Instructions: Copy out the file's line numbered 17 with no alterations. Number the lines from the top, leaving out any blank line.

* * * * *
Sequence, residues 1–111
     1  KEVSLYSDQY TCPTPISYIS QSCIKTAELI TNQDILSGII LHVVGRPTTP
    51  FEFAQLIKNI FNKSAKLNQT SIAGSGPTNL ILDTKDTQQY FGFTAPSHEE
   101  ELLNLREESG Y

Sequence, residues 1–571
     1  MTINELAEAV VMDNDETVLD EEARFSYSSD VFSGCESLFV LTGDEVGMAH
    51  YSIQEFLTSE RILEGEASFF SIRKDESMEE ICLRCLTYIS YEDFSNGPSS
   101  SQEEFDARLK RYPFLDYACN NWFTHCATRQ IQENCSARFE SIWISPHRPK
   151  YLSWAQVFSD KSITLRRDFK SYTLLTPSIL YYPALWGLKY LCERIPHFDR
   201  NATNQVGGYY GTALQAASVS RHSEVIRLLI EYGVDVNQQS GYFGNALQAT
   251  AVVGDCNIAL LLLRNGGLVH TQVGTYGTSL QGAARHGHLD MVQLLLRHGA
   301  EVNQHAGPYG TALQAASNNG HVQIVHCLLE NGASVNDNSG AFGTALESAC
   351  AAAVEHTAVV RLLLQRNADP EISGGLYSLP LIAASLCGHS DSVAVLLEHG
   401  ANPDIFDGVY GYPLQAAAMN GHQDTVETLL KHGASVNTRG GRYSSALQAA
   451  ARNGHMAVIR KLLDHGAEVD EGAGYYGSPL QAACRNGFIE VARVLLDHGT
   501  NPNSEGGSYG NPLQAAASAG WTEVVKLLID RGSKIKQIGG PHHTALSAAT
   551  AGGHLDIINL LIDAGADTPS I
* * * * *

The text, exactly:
   551  AGGHLDIINL LIDAGADTPS I